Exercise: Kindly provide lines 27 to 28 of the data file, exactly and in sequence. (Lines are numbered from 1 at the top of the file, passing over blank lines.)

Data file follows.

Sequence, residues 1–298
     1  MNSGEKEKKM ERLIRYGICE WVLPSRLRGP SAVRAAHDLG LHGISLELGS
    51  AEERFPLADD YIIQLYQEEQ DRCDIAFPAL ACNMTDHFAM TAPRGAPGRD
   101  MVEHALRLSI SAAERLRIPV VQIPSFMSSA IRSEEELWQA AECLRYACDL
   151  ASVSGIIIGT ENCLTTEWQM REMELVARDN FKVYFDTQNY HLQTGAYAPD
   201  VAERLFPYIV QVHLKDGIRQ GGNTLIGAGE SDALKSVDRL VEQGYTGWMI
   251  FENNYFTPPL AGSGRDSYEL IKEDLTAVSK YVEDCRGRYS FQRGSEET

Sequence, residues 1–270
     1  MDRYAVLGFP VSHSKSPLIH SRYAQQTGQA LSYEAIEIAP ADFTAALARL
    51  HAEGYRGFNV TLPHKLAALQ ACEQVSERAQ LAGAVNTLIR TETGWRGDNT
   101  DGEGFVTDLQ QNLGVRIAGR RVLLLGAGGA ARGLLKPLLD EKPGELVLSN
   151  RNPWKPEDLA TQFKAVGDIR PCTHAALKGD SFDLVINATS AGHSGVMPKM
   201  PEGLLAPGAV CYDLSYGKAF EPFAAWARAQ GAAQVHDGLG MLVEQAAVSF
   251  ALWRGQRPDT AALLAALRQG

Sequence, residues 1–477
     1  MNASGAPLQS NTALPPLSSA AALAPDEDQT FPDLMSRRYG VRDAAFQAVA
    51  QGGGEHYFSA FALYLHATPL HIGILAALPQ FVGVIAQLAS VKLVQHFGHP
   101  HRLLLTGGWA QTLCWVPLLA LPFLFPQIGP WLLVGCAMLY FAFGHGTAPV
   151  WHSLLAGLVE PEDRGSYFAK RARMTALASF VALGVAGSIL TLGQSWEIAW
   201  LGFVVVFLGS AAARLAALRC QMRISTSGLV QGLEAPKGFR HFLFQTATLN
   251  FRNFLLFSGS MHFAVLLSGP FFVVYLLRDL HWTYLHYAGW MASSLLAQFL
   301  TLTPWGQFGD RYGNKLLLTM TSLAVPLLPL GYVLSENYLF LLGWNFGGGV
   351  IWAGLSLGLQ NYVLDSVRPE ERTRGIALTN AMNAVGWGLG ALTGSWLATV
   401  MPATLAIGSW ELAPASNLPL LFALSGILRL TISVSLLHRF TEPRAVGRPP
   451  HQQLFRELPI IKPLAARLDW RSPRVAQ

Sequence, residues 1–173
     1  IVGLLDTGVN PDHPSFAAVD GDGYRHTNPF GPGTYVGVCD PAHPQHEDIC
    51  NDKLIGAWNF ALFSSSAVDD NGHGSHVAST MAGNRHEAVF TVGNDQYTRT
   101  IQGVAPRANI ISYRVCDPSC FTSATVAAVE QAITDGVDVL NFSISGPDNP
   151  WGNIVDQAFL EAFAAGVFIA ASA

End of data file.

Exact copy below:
     1  IVGLLDTGVN PDHPSFAAVD GDGYRHTNPF GPGTYVGVCD PAHPQHEDIC
    51  NDKLIGAWNF ALFSSSAVDD NGHGSHVAST MAGNRHEAVF TVGNDQYTRT